The Saint Vincent College English Department recently hosted Megan Matich, a 2011 SVC graduate, as a guest speaker for its Visiting Writers Series.
Matich lives and works in Iceland where she translates foreign literature.
She read poems from her book, “Cold Moons,” a collection of Icelandic translations of poems by Magnus Sigurdsson.
Saint Vincent students will now have the opportunity to follow in Matich’s footsteps with the new literary translation minor that is offered at the college.
Michelle Gil-Montero, associate English professor, currently teaches a Literary Translation Workshop class — the only available translation class offered at this time. Gil-Montero sensed the need to implement this new minor to satisfy a specific area of students’ interests.
“The first time I taught translation [at Saint Vincent] was in 2010, and I had a fairly small group of students. But I noticed there was a clear personality type: students who were really interested in languages, studying languages, and writing,” she said.
The first translation class was comprised of English majors who were studying other languages, and language majors who were taking literature courses. Gil-Montero said that the class merged the two interests in a “seamless way.”
Matich, who took Gil-Montero’s translation class, said, “I decided to take it and discovered that I could sort of blend my love of literature together with my love of language into something useful and fun and creative.”
This past semester, the English Department collaborated with the Modern and Classical Language Department to propose the literary translation minor. The proposal cited that less than ten colleges in the United Sates offer a B.A. in this field, and that the proposed program is “unlike any at a college of [Saint Vincent’s] size.”
Anthony Horner, a senior English major, barely missed his opportunity to enter the program. He commented on students’ desire to explore other languages through literature.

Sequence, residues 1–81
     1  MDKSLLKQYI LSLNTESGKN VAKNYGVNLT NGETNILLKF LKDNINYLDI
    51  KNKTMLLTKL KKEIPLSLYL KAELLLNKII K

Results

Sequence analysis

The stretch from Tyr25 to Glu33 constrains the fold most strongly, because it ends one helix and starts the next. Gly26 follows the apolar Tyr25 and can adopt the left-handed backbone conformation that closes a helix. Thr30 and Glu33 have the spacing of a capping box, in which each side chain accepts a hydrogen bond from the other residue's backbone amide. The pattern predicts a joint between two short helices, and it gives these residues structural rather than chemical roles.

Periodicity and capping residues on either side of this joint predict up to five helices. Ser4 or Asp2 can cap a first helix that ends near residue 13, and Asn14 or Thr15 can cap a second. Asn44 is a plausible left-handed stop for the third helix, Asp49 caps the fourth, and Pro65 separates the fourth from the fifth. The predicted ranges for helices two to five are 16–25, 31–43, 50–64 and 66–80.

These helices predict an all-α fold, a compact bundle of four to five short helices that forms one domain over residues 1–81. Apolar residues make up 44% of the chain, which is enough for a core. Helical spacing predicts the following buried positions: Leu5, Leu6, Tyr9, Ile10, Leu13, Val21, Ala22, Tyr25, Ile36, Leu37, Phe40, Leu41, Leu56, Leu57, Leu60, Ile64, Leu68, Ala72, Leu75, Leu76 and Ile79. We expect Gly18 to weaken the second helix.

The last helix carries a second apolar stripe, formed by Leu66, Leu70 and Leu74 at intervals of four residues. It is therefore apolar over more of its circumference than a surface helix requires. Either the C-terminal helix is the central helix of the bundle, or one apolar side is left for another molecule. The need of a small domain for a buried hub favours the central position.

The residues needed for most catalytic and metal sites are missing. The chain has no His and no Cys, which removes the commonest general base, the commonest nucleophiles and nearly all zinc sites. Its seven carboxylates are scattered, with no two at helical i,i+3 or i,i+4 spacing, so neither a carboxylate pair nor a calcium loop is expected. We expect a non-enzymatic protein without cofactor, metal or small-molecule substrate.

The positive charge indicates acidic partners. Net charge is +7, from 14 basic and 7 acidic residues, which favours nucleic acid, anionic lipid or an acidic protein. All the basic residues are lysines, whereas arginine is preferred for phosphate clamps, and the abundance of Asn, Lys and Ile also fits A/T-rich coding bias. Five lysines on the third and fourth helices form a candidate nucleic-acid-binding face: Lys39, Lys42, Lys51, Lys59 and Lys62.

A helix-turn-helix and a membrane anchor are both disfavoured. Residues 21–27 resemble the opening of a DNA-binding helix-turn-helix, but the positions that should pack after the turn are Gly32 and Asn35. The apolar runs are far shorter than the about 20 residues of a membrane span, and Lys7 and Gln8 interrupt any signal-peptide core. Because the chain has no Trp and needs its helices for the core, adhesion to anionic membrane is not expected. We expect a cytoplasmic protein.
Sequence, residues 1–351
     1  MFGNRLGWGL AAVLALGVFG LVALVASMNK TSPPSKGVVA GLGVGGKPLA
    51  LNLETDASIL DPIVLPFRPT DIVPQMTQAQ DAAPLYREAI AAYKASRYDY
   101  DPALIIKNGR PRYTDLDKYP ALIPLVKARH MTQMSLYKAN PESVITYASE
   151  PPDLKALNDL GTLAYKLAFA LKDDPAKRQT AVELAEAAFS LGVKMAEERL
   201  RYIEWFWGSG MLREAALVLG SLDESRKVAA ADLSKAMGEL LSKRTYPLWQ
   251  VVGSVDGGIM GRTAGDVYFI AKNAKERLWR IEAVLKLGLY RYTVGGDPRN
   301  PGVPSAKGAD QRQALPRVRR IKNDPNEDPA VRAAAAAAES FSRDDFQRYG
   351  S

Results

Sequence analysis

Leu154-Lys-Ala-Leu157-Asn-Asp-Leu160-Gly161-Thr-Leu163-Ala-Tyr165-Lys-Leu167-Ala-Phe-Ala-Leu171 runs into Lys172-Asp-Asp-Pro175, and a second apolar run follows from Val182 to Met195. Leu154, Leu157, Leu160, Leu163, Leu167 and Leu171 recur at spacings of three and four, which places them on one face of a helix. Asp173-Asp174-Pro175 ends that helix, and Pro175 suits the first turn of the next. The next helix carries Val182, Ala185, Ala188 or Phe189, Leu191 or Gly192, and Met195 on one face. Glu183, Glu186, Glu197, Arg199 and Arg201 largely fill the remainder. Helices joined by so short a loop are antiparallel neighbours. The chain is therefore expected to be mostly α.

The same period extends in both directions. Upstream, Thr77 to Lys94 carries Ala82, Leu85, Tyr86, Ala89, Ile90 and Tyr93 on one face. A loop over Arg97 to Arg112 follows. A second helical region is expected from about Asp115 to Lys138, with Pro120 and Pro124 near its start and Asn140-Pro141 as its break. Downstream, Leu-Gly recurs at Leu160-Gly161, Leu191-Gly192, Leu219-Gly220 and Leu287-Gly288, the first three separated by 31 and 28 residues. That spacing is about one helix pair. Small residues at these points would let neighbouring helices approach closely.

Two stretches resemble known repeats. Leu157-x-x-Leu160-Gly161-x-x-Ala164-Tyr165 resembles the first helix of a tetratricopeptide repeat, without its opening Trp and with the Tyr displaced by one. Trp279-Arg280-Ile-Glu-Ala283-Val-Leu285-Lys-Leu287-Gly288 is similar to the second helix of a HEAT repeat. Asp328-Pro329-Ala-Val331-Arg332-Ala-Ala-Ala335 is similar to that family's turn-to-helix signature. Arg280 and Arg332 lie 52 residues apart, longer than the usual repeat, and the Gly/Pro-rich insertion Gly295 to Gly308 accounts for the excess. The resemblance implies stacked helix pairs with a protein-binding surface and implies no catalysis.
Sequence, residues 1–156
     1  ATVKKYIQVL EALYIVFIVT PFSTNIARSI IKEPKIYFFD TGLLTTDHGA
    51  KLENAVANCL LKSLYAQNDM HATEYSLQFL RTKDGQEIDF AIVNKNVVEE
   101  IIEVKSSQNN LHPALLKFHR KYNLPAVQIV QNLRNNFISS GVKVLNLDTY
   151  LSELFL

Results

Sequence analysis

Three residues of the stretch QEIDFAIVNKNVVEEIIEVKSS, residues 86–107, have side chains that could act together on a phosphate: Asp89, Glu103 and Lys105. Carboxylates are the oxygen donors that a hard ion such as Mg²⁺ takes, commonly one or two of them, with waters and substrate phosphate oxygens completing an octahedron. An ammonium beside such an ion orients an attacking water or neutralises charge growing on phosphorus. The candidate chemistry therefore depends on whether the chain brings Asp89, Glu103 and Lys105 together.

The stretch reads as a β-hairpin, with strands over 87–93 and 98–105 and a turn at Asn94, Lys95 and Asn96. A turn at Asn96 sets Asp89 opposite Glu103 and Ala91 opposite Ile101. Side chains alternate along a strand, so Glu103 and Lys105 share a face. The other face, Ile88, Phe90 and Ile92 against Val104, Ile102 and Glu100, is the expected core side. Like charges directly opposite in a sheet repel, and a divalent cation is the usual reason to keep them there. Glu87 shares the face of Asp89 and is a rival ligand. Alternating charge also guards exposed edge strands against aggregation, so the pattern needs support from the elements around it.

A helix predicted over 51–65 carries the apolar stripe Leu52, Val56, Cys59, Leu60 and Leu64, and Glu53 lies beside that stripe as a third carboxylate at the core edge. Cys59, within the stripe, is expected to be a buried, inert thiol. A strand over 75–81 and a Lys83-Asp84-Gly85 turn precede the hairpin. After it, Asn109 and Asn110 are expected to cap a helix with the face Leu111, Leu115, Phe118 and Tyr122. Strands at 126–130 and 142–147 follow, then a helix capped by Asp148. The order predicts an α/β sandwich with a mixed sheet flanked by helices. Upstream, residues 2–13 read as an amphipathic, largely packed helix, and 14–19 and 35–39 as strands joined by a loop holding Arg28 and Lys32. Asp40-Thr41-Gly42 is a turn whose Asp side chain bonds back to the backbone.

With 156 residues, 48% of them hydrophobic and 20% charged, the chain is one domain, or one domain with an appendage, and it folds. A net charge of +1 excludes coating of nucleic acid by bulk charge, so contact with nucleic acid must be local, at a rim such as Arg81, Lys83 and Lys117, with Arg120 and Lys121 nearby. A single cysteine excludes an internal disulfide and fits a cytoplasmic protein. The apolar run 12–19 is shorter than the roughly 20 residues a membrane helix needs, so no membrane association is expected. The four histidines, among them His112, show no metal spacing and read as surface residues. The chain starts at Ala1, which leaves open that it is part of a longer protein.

“I think in our generation, there’s a specific character type that deeply senses this feeling of being cut off from the rest of the world. We know there’s a lot out there that we’re not exposed to and that we’re hungry for,” Horner said of literary translation.
His interest in other cultures lead him to major in anthropology, before switching to English.
“What I wanted from anthropology, that fascination with a cultural ‘other,’ I got from Literary Translation,” he said.
Gil-Montero expressed a similar sentiment to Horner’s.
“People read books in translation and don’t know they weren’t originally written in English. In the United States, we’ve become cut off, out of touch — an echo-chamber of our own ideas,” she said.
The proposal suggested that the program would set Saint Vincent apart from other small colleges and draw students from “across the country and perhaps internationally.”
Although the department has yet to promote the minor off campus, undergrad students who are already at the college have entered the program, such as Mallory Truckenmiller, an English and Spanish double-major.
As a result, two new courses will be offered to fulfill the minor: World Literatures in Translation, where students will read and translate contemporary foreign literature, and Small Press Publishing, which will allow students to work with the literary translation press and produce books of literary translations.
The program will prep students who are interested in translation, international studies, or even teaching abroad and foreign service.
Gil-Montero commented on the program’s appeal.
“Reading foreign literature opens our eyes to how people live half way across the world and how they think in other languages,” she said. “I think it appeals to a lot of students here.”
Photos: SVC Flickr, The Reykjvik Grapevine